For most of my life, the prevailing presumption underlying my existence is that I was on a mission to be understood. More even than to be loved (though I of course see them as related), certainly more than to be happy. Simply to be really fathomed, to have someone be able to see into my thoughts and feelings and take up residence. If not comfortably, per se, at least with the notion that this is comprehensible.

I would argue that this is a more universal desire than might be readily agreed to. I have argued, at times, that this is all anyone wants out of life, or what most people most want. I’m not convinced this is the case anymore, in part from growth in (note the irony here) understanding others, and starting to grasp the depth of human diversity and perspective. There really are people, whether it’s deeply authentic or largely shaped by societal structures, who just want to be happy. Or, more often, comfortable. And being understood isn’t always comfortable. Sometimes it’s a deeply unsettling experience.

Such an unsettling experience, that was simultaneously disturbing and movingly comforting, was had by me last night. It took place, like so many moving and disturbing experiences, in a movie theater. It was the experience of watching the new film Infinitely Polar Bear.

Folks, if you have even a passing interest in understanding me, if you want to know what it’s like to be the crazy person you know or read as Storey Clayton, this is your chance. Get yourself to a theater.

It’s not perfect. It’s not exactly spot-on in every place. I leaned over to Alex about four times during the screening and said “I’m not this bad, right?” It’s fueled by substances, both alcohol and tobacco and also lithium, none of which I’ve ever partaken in, nor ever plan to. And that makes a huge difference, in the severity and breadth of manifestations of manic depression. The see-sawing nature of addiction and chemical reliance certainly put a more dramatic and tenuous spin on the experience of emotional sine-curves. But good God, by and large, it was like watching a documentary of my emotional reality. Made doubly more mind-blowing by the fact that Mark Ruffalo, an actor whose range and depth I’ve always found disappointing, was bringing it to life so perfectly.

I was also probably more flabbergasted than normal by the fact that this viewing was one of the few in my life where I had the ideal movie-watching experience. I’d seen no previews, read no synopses or reviews, had no Earthly idea of anything about the movie other than its title when the movie began. All I knew is that someone I trusted to know me, at least a bit, had vouched that I would like the movie. So to have the movie really seem to get me, to understand my life and perspective, while I was viewing it this way, was incredibly special. One of the best experiences like this I ever had was seeing Memento in Boston at that vaguely independent theater that always seemed to spell doom for relationships. The immersion that can be achieved by having no idea what experience is coming brings movies the closest to simulating real life that they can. Something about that unpredictability that underlies our existence.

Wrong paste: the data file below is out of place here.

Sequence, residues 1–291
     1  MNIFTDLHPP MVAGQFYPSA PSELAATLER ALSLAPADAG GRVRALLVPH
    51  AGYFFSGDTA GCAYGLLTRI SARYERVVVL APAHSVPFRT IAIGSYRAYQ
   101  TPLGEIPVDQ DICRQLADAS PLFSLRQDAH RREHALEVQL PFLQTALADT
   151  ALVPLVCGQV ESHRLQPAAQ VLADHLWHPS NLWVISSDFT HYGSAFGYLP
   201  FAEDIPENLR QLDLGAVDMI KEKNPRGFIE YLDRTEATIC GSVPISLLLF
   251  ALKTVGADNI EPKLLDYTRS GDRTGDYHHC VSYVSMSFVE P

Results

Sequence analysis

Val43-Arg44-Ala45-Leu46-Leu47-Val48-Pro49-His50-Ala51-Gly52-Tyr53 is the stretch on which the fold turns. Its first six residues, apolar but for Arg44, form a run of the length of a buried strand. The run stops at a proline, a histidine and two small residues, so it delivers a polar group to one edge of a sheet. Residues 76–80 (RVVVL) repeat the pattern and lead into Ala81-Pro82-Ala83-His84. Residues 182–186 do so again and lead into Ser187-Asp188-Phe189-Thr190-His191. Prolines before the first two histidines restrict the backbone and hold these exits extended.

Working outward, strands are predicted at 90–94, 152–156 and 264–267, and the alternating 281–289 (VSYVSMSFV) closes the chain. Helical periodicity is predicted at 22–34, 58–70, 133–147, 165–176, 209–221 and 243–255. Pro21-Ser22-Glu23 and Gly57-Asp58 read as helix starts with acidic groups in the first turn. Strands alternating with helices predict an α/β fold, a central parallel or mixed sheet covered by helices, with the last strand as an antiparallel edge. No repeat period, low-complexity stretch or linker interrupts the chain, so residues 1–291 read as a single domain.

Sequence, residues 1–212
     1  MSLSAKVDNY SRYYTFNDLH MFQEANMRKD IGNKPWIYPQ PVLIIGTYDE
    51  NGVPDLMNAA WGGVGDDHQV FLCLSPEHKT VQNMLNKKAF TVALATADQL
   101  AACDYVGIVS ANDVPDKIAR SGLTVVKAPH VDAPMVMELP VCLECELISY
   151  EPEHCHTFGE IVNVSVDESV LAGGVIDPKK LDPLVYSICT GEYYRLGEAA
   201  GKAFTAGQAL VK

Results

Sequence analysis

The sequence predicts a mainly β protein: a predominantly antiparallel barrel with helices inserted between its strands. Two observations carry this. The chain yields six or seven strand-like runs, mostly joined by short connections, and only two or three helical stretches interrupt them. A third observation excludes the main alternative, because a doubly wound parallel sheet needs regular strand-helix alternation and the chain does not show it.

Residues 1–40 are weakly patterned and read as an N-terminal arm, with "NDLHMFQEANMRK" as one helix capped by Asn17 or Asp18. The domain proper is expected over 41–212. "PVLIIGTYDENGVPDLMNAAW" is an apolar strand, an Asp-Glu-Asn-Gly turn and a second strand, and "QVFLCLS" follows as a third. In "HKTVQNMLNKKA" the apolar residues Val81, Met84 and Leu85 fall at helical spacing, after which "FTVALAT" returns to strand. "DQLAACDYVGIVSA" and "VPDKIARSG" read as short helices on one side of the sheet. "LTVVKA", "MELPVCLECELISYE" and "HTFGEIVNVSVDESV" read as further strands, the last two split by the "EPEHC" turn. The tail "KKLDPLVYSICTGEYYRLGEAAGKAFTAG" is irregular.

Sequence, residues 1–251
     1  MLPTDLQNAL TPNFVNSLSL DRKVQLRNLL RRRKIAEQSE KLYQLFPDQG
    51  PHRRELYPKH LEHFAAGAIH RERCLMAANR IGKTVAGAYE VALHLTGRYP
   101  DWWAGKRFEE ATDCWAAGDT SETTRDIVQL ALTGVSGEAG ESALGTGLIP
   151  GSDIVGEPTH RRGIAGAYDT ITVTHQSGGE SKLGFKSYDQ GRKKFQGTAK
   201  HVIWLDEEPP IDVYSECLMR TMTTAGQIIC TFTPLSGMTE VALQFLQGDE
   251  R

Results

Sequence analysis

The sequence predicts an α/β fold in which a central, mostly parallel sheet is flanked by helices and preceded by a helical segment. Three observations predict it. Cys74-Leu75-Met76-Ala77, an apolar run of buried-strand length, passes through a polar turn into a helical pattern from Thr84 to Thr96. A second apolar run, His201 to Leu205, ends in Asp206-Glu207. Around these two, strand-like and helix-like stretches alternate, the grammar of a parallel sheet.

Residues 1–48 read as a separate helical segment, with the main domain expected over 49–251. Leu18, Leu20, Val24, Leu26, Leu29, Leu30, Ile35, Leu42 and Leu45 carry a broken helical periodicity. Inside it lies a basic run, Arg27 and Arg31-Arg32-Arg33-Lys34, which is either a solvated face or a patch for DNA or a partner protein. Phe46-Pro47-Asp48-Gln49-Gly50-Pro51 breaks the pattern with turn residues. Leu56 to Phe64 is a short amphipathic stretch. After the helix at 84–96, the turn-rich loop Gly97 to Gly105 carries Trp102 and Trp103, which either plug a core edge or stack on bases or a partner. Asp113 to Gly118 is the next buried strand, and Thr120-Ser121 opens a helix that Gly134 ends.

This issue of understanding, by the way, is what has made romantic betrayal such a particularly consternating aspect of my life. There is something about the people who came the closest to understanding, who professed understanding almost endlessly, being those who suddenly shun and disregard, that creates the ultimate devastation. There is this sinking feeling, actually attested to by my ex-wife, that the more one understands, the more inevitable betrayal becomes. That getting that close to the reality, to actually knowing what’s going on, creates repulsion, fear, the need to separate oneself. It is the increasing conviction that being truly understood will create this betrayal that has led me, for the first time in my life, to consider that being understood might not be the goal after all. That maybe we’re here to help each other get by without understanding.

True fact: I have received one (1) new e-mail during the time I’ve been writing this post. It is an invitation to the latest Bring Your Own Story event, wherein the theme of storytelling will be “To Good to Be True”.

I, literally, can’t make this stuff up.

Maybe I should just go hang out with the screenplay writer of Infinitely Polar Bear. Or even Mark Ruffalo, who seemed to capture something that so easily could have been a caricature as a real experienced life. Frankly, most people will probably see it as a caricature. And some of the extremes are things that I may not have actually done, though I’ve probably been close to everything depicted, outside of those scenes involving substances. Which I guess brings us to the only conclusion I can be sure of from all this today: Thank God I never started drinking. Thank you grandparents, thank you Gin Blossoms songs, thank you Sarah Brook and Fish for stopping me when I got off the plane from Liberia. I am convinced today that alcohol alone is the difference between me managing life as a high-functioning manic depressive who can “pass” as “normal” (though of course this blog lives in public largely because I don’t believe in passing) and being worse off than the polar bear stumbling through life on a screen near you.

The movie's publicity wing seems to be suppressing screenshots of Mark Ruffalo's character making a scene so they can market the film as a heartwarming triumph over adversity, I guess.  This slightly manic scene will have to suffice to capture just a glimpse of the real experience.

The movie’s publicity wing seems to be suppressing screenshots of Mark Ruffalo’s character making a scene so they can market the film as a heartwarming triumph over adversity, I guess. This slightly manic scene will have to suffice to capture just a glimpse of the real experience.